The report, called ‘Forced Silence: the State, accomplice to the violence against the press,’ showed that last year was one of the most violent years for media outlets in Mexico, where nine journalists were killed and two others went missing. All of the attacks were apparently carried out due to the journalists’ work.
In addition, two media workers were killed, while at least eight attacks were carried out with firearms or explosives against media offices, the group said, as it criticized the government’s participation in diminishing the press and eroding freedom of expression.
“In the best scenario, journalists at risk have been protected inadequately,” the group said in a statement. “In the worst scenario, the same officials in charge of investigating and procuration of justice are the ones behind the actions against the freedom of press rights,” adding that in some cases, even accusing them of crimes without properly initiating proper investigations.
The highest number of attacks against journalists and media outlets were carried out in the state of Veracruz, with 29, representing a 200 percent increase, followed by Mexico City, 21, Chihuahua and Coahuila with 15, and Oaxaca, 11.
According to the United States Geological Survey’s (USGS) preliminary earthquake report, the epicenter of the quake, which had a depth of 17 kilometers, was in the state of Guerrero, around 186 kilometers (115 miles) east of the popular port city of Acapulco and about 25 kilometers (16 miles) east of Ometepec, both in the same state.
However, Mexico’s National Seismological Service (SSN) reported a 7.8-magnitude earthquake at around noon local time (1am today, Phuket time). The USGS later reported at least six aftershocks as of 1:30pm local time. Three of them registered a magnitude of 5.1 while the strongest was 5.3.
The strong earthquake was felt up to Mexico’s central region, as several buildings across Mexico City were completely evacuated.
Through his Twitter account, Mexican President Felipe Calderon said no major damage was reported, although part of a pedestrian crossing bridge collapsed and crushed a public transportation bus in the Atzcapotzalco area of Mexico City. No passengers were in the vehicle and the driver only suffered minor injuries.
News reporter Djatmiko Waluyo, who at the time of the earthquake was located in Mexico City’s Roma neighborhood, one of the older and traditional areas not far from downtown, described the powerful earthquake.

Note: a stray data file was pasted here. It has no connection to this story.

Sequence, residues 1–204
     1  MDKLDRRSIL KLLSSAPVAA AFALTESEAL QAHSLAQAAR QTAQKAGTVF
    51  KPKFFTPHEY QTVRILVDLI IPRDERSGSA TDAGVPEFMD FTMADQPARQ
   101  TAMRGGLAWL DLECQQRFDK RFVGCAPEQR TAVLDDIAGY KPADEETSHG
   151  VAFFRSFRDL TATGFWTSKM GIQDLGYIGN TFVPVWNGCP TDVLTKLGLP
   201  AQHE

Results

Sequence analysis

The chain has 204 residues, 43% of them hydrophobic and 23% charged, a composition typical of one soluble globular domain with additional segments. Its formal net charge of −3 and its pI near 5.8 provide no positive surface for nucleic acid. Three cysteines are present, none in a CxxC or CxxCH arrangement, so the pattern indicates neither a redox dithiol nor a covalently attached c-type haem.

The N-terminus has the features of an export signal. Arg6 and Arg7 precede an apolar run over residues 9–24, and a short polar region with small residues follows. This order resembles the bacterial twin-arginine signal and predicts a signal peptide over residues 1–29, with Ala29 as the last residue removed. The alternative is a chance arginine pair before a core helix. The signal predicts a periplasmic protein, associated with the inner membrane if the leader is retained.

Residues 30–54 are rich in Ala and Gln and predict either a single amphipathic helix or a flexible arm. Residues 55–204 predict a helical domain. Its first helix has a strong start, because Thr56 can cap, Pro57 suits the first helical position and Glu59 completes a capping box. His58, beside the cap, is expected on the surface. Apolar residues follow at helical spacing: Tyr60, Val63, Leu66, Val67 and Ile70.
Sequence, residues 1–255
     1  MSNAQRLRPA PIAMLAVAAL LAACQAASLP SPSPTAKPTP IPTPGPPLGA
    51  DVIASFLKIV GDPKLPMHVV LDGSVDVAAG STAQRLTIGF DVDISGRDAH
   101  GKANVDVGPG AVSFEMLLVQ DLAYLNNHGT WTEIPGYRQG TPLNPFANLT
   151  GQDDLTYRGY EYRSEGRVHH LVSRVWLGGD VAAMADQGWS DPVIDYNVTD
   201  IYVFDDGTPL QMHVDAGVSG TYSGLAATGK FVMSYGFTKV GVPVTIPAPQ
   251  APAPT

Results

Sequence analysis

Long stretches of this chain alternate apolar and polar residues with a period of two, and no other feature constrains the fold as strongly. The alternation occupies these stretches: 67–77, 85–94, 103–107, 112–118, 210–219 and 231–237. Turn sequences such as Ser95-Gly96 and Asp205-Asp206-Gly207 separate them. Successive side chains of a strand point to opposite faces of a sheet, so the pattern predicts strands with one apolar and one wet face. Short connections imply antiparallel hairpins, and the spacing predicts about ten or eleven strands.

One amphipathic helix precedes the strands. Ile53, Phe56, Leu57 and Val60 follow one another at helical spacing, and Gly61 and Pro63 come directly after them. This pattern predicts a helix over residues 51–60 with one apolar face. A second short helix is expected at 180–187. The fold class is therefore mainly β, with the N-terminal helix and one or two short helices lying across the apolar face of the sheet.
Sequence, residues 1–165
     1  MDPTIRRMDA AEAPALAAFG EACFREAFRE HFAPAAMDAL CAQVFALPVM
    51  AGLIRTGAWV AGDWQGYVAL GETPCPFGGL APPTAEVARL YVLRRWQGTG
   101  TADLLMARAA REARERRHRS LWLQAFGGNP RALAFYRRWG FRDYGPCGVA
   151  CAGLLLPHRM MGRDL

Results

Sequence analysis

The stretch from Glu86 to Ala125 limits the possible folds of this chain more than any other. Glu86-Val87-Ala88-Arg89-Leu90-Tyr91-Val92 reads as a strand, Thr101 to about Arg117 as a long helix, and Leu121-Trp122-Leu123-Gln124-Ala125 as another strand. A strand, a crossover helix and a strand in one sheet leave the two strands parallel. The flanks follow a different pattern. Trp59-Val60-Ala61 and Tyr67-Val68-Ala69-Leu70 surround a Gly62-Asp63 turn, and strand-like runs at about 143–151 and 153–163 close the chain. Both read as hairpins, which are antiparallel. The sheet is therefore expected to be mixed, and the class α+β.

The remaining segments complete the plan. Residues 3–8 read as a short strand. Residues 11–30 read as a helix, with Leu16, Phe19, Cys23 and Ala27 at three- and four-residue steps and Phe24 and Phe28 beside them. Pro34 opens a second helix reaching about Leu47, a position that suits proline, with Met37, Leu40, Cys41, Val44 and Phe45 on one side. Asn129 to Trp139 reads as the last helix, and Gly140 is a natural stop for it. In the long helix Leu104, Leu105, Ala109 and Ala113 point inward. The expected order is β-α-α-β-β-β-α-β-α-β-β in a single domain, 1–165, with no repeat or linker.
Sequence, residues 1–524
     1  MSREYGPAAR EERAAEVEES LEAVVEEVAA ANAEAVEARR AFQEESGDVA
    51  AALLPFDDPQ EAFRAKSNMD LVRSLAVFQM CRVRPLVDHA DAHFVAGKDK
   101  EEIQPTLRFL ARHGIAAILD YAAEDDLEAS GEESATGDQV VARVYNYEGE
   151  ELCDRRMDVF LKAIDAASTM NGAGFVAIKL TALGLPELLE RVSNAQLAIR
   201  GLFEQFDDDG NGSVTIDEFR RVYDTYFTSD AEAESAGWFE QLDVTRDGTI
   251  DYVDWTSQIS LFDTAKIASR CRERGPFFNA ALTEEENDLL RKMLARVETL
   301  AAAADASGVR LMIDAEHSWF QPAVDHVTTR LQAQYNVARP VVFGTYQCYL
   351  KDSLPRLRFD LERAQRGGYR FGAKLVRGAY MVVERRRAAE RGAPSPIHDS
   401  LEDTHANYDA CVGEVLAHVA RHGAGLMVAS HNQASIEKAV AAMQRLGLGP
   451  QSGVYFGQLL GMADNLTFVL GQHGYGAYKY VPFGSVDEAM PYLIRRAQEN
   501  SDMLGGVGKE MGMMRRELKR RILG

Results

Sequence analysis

“The building began swerving from side to side and loud thumps were heard from the walls as they seemed to be cracking,” he said, adding that the sensation of dizziness lasted around 30 or 40 seconds as people rushed down the stairs and exited the building.
“The Medellin market was evacuated as well as groups of nervous people were hesitant to reenter the buildings.”
On September 20, 1985, one of the most devastating earthquakes struck the coastal area of Michoacan, although most of the damage was seen in Mexico City. Initial government reports indicated that from 6,000 to 7,000 people died, although further investigations revealed that approximately 10,000 people died.
The 8.1-magnitude earthquake completely or partially destroyed several important buildings such as the General Hospital of Mexico, the Televicentro building, which is now operated by Televisa, one of the country’s most important TV networks, as well as several residential buildings.
They are believed to be the latest victims of drug-related violence in the region.
Police were sent to the area after a call came in at 6:30am local time that human heads were lined up on the sidewalk of a street outside a slaughterhouse in the municipality of Teloloapan, which is located in Guerrero state in southwestern Mexico. Responding officers found a total of ten severed heads.
Other body parts were not found at the scene or in the nearby area, but investigators identified the heads as seven males and three females. “The partial identification suggests the victims were between 20 and 35 years of age,” a spokesperson for the state’s attorney general’s office said.
Two cardboard signs were also found at the scene, and officials said the text on them refers to conflicts between rival gangs, although the exact contents were not immediately released. Teloloapan is located in a region where the La Familia cartel and its offshoot Los Caballeros Templarios are fighting for territory.
According to official figures, more than 50,000 people have died in drug-related violence since President Felipe Calderón launched an army-led crackdown on organized crime and drug cartels in late 2006. At least 12,903 people died between January and September 2011, although figures for the entire year are not yet available. This will likely bring the total figure for 2011 to more than 17,000, the highest annual number yet.
— Phuket Gazette Editors
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